The amazing Jude, Host Coordinator and Bereavement Book Club facilitator for Let’s Talk About Loss, is running a half-marathon to raise funds for us! Hear she explains a bit more about why she is doing it.
I put my trainers on and my headphones in, ready for my run. It’s a short one, getting myself into the mindset for regular training. A half-marathon at the end of April means I’ll need it to build to where I’d like to be. This will be my fourth half, and like all the others, I approach it with a mixture of determination and trepidation.
Running through grief
The first two half-marathons were in the midst of grief, one while my mum was sick but still living, the second a couple of months after she had died. During those years I didn’t know what else to do to channel confused emotions and mental states. Running was just for me, not linked to shared loves or memories. It was something I could do even when I had lost all I understood and knew about myself. I could run in (almost) any weather and trust that it would do some amount of good in the end.
Running doesn’t come easy. In fact, I find it hard. Despite the various physical activities I do, or have done, running feels the least natural. I’ve found it hard to commit to it regularly over the years, and, perhaps as a result of that, it takes time for my body to adapt when I restart.
I find this relationship with running not dissimilar to the life of grief
It is soothing and frustrating in equal parts. I struggle to find the best foot strike, to keep up my pace, to time re-fuelling. I prefer running on my own but often need the encouragement of others. I can easily talk myself out of going for a run, so I dig deep to commit. It is a mental battle each time I go out.
The healing that comes on the run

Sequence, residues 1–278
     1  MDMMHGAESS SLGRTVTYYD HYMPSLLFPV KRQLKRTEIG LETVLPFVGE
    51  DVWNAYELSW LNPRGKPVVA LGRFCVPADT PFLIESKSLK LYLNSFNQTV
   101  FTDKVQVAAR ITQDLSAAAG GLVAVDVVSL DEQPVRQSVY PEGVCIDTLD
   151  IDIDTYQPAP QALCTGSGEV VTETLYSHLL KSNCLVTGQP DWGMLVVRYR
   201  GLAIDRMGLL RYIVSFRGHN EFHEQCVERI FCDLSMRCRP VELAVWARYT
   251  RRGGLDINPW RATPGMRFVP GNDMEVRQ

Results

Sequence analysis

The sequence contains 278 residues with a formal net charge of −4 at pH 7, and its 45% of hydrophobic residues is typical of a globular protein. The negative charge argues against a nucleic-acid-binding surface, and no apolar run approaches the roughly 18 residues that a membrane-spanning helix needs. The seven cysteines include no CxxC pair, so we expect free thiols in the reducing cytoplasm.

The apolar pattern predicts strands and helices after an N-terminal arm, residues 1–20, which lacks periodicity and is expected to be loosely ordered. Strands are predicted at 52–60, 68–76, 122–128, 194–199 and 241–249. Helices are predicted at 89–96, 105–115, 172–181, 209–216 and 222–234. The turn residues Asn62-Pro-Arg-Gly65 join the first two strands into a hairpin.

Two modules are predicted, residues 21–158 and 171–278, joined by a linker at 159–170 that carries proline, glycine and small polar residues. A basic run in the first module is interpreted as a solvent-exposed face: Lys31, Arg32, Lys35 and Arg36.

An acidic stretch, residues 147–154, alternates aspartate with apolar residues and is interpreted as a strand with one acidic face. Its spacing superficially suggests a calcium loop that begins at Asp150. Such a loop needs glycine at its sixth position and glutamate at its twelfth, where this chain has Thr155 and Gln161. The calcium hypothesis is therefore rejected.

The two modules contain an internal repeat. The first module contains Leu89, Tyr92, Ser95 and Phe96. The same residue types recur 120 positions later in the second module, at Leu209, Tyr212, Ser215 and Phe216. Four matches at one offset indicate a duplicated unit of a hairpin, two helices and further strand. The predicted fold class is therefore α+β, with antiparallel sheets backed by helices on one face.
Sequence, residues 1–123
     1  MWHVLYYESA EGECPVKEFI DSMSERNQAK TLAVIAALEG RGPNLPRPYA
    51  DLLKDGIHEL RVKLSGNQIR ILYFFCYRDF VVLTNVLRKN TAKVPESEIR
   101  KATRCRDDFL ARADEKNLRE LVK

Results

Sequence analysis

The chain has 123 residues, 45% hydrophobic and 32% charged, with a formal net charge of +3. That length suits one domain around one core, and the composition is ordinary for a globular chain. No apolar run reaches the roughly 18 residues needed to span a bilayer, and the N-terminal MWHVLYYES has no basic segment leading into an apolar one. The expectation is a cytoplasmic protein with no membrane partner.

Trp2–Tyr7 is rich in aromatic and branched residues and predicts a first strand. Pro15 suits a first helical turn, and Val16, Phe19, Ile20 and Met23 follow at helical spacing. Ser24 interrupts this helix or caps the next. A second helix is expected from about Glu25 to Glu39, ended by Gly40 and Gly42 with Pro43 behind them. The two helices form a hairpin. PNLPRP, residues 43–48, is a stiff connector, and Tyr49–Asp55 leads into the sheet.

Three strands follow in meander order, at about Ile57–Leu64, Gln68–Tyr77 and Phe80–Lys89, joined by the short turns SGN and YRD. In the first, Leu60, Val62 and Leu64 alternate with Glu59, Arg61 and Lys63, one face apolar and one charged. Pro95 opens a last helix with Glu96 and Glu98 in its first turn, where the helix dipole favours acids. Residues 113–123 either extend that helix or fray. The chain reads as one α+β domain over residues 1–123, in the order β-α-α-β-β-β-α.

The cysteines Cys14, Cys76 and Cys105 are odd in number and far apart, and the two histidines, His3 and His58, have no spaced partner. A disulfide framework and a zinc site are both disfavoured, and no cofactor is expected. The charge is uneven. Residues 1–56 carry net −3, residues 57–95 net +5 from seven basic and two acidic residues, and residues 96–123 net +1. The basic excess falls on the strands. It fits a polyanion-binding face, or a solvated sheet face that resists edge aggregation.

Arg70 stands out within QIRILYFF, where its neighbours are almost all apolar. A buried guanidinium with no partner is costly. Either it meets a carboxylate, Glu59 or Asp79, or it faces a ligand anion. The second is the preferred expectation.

But for all that is challenging there is something incredibly healing, too. The way my feet touch the pavement, track or path is grounding; the sound and feel of my breath is a reminder that I exist; the air, the breeze, the rain against my skin fills me with relief and release.
Pushing through tiring muscles and mind is reassurance that I am resilient and have deep wells of strength. The simultaneous exhaustion and exhilaration, physically and mentally, is enough to draw me back again, no matter how long the breaks in between.
I choose to do long-distance runs to raise awareness of issues I feel connected to
I find this relationship with running not dissimilar to the life of grief – the ups and downs, ins and outs, how quickly feelings change, the determination to push through, the ease of withdrawing, and all the in-betweens.
It is for these reasons – the blend of enjoyment, healing and digging deep – that I choose to do long-distance runs to raise awareness of issues I feel connected to – in this case, the grief and loss of 18-35-year-olds.
The importance of connection
This brings me to a place of connection, that even in my often solo training runs, I feel a web form around me linking to all those who might be supported by raising awareness and funds, and to those who have been and gone, my parents, whose absence and presence is still so deeply felt.
They are with me in every stride I make, in the elements around me and within my physical being. This connection helps me to find the determination needed to keep going.